"Reading the crystal ball backwards," Eccles says, "I think Reg FD may not have been as important as it was if the 1990s hadn't been what they were." In the days when stock prices were rising daily, analysts were getting information quickly, which was clearly advantageous to certain people, he explains. Another issue, he argues, is that Reg FD drew strong attention because it's a regulation, but the important area of initial public offerings allocation was largely ignored. Investors were not only disadvantaged by the lack of financial information, but also by not being able to buy IPO stocks, since most of the shares went to institutions that had relationships with the investment banks.

Although we're past the bubbly '90s, Eccles says, "It doesn't matter if it's a bear or bull market or an Internet bubble. The fundamental issue is: do all investors have access to information at the same time? The answer was "no." The issue now becomes: what's more important - early access or having the right information to make long-term decisions?

"What Reg FD does is make it harder to get a short-term tactical advantage, but if you're in a stock for a long period, you don't care about quarterly gyrations, or getting inside tips on earnings. What you want is a broad range of information, so that you can make investment decisions for the long-term," says Eccles. Bottom line, the PwC survey shows that "Reg FD has not interrupted the greater flow of that kind of information to the market."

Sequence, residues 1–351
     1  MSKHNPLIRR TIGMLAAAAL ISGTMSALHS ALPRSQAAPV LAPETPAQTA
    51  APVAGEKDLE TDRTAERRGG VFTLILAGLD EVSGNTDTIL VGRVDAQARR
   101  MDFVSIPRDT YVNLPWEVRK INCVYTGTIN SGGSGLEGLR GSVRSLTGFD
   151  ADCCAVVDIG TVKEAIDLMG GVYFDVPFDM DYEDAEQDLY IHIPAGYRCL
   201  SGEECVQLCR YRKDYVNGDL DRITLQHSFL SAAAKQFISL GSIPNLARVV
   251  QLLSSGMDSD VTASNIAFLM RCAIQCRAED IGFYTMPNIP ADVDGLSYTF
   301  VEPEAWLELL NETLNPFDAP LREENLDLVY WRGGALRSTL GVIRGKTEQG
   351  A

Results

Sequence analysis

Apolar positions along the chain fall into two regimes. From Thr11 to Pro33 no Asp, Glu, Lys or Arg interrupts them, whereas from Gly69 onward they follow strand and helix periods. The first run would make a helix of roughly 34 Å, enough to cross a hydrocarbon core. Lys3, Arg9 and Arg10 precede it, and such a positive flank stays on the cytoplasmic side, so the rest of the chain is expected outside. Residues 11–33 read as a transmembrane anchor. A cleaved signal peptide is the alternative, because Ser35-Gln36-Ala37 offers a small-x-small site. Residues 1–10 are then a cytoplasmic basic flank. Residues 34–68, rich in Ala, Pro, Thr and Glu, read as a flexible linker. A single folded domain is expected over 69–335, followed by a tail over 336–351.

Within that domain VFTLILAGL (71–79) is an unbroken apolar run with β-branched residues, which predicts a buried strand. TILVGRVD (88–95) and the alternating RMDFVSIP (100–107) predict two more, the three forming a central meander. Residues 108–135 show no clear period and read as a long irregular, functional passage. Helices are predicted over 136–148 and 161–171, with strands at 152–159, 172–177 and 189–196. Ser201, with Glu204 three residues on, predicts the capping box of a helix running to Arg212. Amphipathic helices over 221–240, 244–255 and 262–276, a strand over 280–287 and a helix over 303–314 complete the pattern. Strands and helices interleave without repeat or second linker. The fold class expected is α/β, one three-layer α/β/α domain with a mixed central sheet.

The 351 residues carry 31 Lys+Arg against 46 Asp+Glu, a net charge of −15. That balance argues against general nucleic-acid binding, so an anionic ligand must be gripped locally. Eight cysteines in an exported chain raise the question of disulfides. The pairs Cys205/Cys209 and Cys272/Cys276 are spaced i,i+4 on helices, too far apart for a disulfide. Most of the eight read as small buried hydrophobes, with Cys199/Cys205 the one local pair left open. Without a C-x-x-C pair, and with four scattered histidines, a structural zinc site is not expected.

Companies have already adapted to Reg FD, says Eccles, and it's going to be less of an issue as the world moves in the direction of ValueReporting (TM) and greater disclosure. "You are going to see dramatic things," he says, "including pressure on the sell-side research by the companies and investors to go back to doing fundamental good research, or someone else is going to provide it."

Beyond Reg FD, Eccles says a deeper issue is the quality of sell-side research, which he argues isn't very good. "As more information is made available, the really good analysts are going to have more information to work with than the average analyst, and it's going to have less to do with how people are responding to Reg FD and a lot more to do with the basic sell-side research."

So, is Reg FD a catalyst to drive further changes in the reporting arena? Eccles says, "It can be."

Finally, will the SEC come forward with more guidance on materiality? It's mentioned by Chairman Harvey Pitt (as quoted in an article in The Wall Street Journal) as something that is "open to tinkering with all - or none - of the details, depending on the outcome of the SEC's study."

Eccles argues that it would be good to have more clarity. He reiterates that only 10 percent of the companies in the survey wanted to repeal Reg PD. "That's extraordinary," he says. "Usually companies don't want more regulations. If you think about Reg PD and greater disclosure, and safe harbor all together, [now] that's really the package."
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Article Details
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Author:Heffes, Ellen M.
Publication:Financial Executive
Article Type:Brief Article
Geographic Code:1USA
Date:Jan 1, 2002
Words:964